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FAMILY LAW ACT 1975 - SECT 102NA

Mandatory protections for parties in certain cases

             (1)  If, in proceedings under this Act:

                     (a)  a party (the examining party ) intends to cross-examine another party (the witness party ); and

                     (b)  there is an allegation of family violence between the examining party and the witness party; and

                     (c)  any of the following are satisfied:

                              (i)  either party has been convicted of, or is charged with, an offence involving violence, or a threat of violence, to the other party;

                             (ii)  a family violence order (other than an interim order) applies to both parties;

                            (iii)  an injunction under section 68B or 114 for the personal protection of either party is directed against the other party;

                            (iv)  the court makes an order that the requirements of subsection (2) are to apply to the cross-examination;

then the requirements of subsection (2) apply to the cross-examination.

             (2)  Both of the following requirements apply to the cross-examination:

                     (a)  the examining party must not cross-examine the witness party personally;

                     (b)  the cross-examination must be conducted by a legal practitioner acting on behalf of the examining party.

Note 1:       This section applies both in the case where the examining party is the alleged perpetrator of the family violence and the witness party is the alleged victim, and in the case where the examining party is the alleged victim and the witness party is the alleged perpetrator.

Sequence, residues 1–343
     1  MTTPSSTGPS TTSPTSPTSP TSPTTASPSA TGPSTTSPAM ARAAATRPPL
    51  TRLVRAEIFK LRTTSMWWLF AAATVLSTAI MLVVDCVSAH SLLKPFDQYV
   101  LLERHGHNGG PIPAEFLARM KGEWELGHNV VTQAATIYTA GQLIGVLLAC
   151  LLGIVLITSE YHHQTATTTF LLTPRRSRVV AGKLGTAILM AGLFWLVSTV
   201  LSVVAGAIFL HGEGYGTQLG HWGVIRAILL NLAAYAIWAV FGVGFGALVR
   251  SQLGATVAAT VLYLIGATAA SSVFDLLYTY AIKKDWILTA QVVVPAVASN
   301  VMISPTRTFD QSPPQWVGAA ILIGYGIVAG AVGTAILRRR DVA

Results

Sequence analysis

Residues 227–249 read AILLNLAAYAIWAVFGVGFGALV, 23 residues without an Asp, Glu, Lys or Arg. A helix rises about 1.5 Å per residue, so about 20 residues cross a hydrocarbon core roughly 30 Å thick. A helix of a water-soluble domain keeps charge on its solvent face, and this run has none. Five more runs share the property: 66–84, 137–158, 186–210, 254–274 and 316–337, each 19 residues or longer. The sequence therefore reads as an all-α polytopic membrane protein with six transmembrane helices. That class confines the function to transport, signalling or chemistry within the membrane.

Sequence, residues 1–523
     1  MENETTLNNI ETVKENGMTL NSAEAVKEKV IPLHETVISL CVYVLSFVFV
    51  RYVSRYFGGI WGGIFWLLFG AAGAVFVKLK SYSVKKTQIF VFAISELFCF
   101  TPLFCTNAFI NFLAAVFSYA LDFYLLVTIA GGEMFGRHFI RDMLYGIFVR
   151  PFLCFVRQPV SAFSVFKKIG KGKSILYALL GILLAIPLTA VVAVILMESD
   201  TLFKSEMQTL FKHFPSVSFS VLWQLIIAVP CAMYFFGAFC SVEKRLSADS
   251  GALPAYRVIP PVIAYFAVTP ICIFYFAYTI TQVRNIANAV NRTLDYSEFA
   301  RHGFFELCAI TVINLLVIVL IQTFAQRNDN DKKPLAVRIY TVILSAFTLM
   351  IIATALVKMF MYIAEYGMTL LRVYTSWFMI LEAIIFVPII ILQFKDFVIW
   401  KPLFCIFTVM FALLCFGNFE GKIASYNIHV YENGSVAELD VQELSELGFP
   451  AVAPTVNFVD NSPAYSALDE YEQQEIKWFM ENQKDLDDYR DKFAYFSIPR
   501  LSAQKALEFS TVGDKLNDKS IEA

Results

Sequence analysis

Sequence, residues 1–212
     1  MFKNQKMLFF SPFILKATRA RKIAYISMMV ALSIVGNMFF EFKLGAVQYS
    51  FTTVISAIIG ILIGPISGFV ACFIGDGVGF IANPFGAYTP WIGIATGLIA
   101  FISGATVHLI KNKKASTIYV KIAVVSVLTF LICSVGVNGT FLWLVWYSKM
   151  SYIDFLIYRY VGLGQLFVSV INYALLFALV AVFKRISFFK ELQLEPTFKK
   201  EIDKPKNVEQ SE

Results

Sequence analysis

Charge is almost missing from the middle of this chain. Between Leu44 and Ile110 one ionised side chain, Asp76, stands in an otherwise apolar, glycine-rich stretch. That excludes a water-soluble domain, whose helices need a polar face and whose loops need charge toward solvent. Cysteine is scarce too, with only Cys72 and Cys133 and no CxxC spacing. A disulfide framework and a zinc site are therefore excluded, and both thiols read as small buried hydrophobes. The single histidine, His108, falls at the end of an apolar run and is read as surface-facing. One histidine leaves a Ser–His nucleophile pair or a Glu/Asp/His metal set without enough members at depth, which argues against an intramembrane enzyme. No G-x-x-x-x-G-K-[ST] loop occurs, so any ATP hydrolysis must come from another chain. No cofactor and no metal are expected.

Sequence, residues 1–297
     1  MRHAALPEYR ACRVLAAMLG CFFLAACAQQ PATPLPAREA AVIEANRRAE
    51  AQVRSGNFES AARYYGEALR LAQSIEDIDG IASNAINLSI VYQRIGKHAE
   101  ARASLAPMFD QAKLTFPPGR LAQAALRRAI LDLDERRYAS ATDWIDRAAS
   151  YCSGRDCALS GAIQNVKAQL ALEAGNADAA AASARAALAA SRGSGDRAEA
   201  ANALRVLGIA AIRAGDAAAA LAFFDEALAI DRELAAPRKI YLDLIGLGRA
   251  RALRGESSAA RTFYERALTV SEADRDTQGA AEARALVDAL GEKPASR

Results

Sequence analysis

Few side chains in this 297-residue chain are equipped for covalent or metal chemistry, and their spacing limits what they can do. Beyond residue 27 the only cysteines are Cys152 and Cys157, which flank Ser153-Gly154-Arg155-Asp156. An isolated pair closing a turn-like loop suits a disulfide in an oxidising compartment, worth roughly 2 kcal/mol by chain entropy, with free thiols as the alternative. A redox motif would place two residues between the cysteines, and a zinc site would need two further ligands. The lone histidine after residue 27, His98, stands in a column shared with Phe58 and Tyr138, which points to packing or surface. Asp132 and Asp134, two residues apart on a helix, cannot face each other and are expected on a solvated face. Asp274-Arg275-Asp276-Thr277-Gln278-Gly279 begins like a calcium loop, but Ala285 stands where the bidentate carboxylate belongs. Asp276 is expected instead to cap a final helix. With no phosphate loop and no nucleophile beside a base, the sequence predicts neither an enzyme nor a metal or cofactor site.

Note 2:       This section does not limit other laws that apply to protect the witness party (for example, section 101 requires the court to forbid the asking of offensive questions and section 41 of the Evidence Act 1995 requires the court to disallow certain questions, such as misleading questions).

Note 3:       To avoid doubt, a reference to a party in this section includes a reference to a person who is a party because of the operation of a provision of this Act (for example, sections 92 and 92A, which are about intervening parties). This section only applies to an intervening party if the intervening party is involved in the allegation of family violence, whether as the alleged perpetrator or as the alleged victim.

             (3)  The court may make an order under subparagraph (1)(c)(iv):

                     (a)  on its own initiative; or

                     (b)  on the application of:

                              (i)  the witness party; or

                             (ii)  the examining party; or

                            (iii)  if an independent children's lawyer has been appointed for a child in relation to the proceedings--that lawyer.



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